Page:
While $2400 a pound is obviously still much too high to be able to be found in your local grocery store (except maybe Whole Foods), Memphis Meats has moved beyond the proof-of-concept stage and into the refinement process. The technology they have developed has shown true potential, and the data backs up the usability of such a technological advancement. Production of clean meat has also already shown some amazing progress in just the short amount of time the technology has been around. Although $2400 a pound for lab-grown beef seems expensive, it is a huge reduction from the $300,000 price tag of the first ever clean meat hamburger, which was produced by Dutch scientists in 2013 (BBC).

The Memphis Meats process uses 90% less water and up to 99% less land than traditional agricultural methods. More so, it prevents the mistreatment of animals and the environmental degradation caused by the raising of livestock by removing this very dirty part of where the meat on our table actually comes from. In an article published by INC, one of the Memphis Meats founders, Uma Valeti, sums it up: “I love eating meat, but I didn’t like the way that is was being produced. I thought, there has to be a better way.”

And the method that Memphis Meats is employing seems to be much more effective than methods utilized in the past to try and stem the global desire for meat. Where other companies have sought to replace meat in people’s diets with their soy- or plant-based alternatives, Memphis Meats is the first company committed to providing real meat, just without any of the animals. In this way, it will be easier for Memphis Meats products to break into the mainstream, because the company won’t have to convince anyone to give anything up. Rather, it will present them with the same thing, just produced differently. And lab-grown meat has other health benefits over traditional meat as well; because it is produced in a sterile environment, there is no chance of foodborne bacteria in clean meat. According to the CDC, these pathogens in conventional meat are the most common sources of fatal food-related infections.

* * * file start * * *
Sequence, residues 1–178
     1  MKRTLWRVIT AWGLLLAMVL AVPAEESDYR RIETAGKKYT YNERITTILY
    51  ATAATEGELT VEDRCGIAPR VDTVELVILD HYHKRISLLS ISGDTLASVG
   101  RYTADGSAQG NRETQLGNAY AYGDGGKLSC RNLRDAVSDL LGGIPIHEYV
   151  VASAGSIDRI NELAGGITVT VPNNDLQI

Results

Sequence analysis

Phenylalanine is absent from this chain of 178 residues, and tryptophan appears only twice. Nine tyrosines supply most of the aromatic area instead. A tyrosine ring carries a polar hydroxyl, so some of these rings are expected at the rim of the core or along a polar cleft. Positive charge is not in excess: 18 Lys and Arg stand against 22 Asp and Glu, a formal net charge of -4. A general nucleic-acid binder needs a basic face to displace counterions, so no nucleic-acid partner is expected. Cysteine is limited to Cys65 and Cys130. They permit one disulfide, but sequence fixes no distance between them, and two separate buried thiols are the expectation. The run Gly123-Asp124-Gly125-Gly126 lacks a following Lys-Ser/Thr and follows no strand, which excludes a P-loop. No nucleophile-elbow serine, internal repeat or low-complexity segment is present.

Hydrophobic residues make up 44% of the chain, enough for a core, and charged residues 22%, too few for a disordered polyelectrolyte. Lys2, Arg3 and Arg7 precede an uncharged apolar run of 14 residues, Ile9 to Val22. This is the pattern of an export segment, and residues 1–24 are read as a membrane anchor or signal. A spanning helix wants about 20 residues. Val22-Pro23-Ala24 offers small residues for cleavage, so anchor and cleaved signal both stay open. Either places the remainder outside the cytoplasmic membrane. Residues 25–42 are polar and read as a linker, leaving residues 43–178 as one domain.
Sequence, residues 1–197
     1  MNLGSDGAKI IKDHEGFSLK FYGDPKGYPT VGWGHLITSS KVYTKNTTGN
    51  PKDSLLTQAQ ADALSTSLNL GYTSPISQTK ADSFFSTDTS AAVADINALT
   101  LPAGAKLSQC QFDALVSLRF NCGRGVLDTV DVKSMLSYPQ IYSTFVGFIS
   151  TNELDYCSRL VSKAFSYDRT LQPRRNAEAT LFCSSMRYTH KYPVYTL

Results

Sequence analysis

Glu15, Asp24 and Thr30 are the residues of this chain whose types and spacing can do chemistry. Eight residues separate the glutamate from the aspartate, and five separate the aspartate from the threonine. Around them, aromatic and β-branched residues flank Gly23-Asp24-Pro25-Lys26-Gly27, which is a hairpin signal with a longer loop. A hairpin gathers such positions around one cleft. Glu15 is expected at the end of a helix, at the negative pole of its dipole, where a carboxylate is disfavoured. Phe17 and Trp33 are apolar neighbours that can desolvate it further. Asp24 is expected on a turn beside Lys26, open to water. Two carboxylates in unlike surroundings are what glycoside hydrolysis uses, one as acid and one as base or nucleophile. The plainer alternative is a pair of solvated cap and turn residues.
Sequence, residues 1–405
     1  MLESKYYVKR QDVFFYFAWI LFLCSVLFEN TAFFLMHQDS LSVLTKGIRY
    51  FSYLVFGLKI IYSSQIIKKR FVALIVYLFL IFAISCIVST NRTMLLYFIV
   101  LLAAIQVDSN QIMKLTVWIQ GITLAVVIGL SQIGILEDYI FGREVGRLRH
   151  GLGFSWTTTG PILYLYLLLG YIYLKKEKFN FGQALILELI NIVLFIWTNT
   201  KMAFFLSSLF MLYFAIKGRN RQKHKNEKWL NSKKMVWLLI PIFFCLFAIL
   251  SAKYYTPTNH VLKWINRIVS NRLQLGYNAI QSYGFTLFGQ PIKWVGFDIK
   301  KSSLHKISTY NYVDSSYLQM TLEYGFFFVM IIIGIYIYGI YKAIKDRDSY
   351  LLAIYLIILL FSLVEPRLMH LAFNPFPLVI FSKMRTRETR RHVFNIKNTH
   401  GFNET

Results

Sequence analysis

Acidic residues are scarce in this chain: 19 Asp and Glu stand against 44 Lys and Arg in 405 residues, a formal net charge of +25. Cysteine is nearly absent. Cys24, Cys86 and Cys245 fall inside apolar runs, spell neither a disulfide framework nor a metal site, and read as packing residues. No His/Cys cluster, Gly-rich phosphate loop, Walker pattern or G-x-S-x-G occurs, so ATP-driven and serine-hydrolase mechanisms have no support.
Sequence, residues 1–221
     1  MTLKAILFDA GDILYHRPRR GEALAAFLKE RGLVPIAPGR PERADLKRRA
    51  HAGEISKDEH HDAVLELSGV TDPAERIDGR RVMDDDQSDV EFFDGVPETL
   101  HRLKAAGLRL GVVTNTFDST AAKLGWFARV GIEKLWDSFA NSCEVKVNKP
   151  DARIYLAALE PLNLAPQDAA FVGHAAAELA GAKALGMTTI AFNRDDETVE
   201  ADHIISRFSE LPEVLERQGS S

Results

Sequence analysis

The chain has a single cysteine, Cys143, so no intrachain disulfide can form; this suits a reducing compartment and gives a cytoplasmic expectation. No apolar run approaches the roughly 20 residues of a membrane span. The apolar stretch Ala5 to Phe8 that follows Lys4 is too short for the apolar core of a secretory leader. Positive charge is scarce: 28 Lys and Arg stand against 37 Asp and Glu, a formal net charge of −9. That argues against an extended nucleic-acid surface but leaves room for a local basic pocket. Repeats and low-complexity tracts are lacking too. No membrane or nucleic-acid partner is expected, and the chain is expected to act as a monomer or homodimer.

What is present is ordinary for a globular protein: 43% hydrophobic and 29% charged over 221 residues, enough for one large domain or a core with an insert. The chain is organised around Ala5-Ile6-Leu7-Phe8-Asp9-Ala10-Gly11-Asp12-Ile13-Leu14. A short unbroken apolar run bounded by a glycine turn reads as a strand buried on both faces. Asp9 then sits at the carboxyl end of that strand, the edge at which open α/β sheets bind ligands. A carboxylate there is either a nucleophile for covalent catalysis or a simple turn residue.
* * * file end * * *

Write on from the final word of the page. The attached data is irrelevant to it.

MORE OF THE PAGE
The idea that we could grow limitless quantities of meat in a space no larger than a laboratory is extremely attractive to governments and companies. To eliminate the need for land and living animals will truly revolutionize the way people consume their food, and maybe, is just the revolution we need in order to continue to feed the growing global population. Perhaps, Memphis Meats will usher in the future of meat, leading to a new era of food.    


By Jakob Weitz, senior English major at LMU.


The Future of Meat